Final Words

It's really not often that we have the pleasure to review a product so impressively positioned. The 8800 GT is a terrific part, and it is hitting the street at a terrific price (provided NVIDIA's history of properly projecting street prices continues). The performance advantage and price utterly destroyed our perception of the GPU landscape. We liked the value of the 8800 GTS 320, and we were impressed when NVIDIA decided to go that route, providing such a high performance card for so little money. Upping the ante even more this time around really caught us off guard.

This launch really has the potential to introduce a card that could leave the same lasting impression on the computer industry that the Ti4200 left all those years ago. This kind of inflection point doesn't come along every year, or even every generation. But when architecture, process enhancements, and design decisions line up just right, the potential for a revolutionary product is high. Maybe our expectations were lowered due to the lack luster performance of the 8600 and 2600 series of cards, as well as the lack of true midrange cards priced between $200 and $250. Even without the sad state of the low end and lack of a midrange part, the 8800 GT is a great option.

What we expect going forward is for NVIDIA to fill in their now mostly devastated product line (we only count the 8400, 8500, 8800 GT, and 8800 GTX/Ultra as viable offerings from NVIDIA) with a new range of 65nm parts. As soon as their process is up to speed and validated by a strong run of G92 hardware, it will only be logical to move all (or most) other GPUs over. The production of smaller die sizes directly translates to monetary savings. There is a cost associated with moving a design over to a new process, but the 8800 GT could have been built with this in mind. It could be that 8800 GT is simply a way to ramp up 65nm production for the rest of the lineup. They could have hidden some extra transistors up there to enable them to simply turn on a higher end part when yields get high enough. Alternately, perhaps we could see another line of low end cards make their way out based on the 65nm process (because smaller die size adds up to reduced manufacturing cost).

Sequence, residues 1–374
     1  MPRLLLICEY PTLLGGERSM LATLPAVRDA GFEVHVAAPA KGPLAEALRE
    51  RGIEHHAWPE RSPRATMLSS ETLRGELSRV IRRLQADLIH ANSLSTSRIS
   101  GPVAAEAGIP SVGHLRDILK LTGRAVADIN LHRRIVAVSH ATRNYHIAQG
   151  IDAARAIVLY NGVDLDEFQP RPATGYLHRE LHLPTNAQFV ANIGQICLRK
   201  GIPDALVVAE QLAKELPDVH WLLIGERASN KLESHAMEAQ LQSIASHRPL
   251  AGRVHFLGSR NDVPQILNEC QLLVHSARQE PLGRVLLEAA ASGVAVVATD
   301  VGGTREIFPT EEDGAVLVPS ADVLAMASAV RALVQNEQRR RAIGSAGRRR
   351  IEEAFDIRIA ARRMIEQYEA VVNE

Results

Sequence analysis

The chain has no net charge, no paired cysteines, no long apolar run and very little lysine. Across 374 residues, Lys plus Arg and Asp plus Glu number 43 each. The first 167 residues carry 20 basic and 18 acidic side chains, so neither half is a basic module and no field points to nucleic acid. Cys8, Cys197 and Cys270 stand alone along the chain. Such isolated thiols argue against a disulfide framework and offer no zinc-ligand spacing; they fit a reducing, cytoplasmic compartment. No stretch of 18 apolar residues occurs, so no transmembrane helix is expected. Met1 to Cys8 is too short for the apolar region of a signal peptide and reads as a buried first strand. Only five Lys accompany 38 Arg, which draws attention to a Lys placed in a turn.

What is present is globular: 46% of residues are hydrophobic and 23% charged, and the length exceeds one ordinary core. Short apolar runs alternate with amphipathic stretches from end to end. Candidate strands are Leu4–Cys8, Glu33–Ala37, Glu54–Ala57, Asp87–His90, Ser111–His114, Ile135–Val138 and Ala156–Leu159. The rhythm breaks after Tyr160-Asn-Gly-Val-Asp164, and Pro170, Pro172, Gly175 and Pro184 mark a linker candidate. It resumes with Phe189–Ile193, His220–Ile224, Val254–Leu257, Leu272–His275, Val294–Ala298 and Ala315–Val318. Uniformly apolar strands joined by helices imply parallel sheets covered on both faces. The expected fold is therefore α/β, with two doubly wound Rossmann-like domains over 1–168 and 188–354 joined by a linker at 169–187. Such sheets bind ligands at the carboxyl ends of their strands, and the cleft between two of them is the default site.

Whatever the reason for the 8800 GT, we are glad of its existence. This truly is the part to beat in terms of value.

Power Consumption
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  • DukeN - Monday, October 29, 2007 - link

    This is unreal price to performance - knock on wood; play oblivion at 1920X1200 on a $250 GPU.

    Could we have a benchmark based on the Crysis demo please, how one or two cards would do?

    Also, the power page pics do not show up for some reason (may be the firewall cached it incorrectly here at work).

    Thank you.
    Reply
  • Xtasy26 - Monday, October 29, 2007 - link

    Hey Guys,

    If you want to see Crysis benchmarks, check out this link:

    http://www.theinquirer.net/gb/inquirer/news/2007/1...">http://www.theinquirer.net/gb/inquirer/.../2007/10...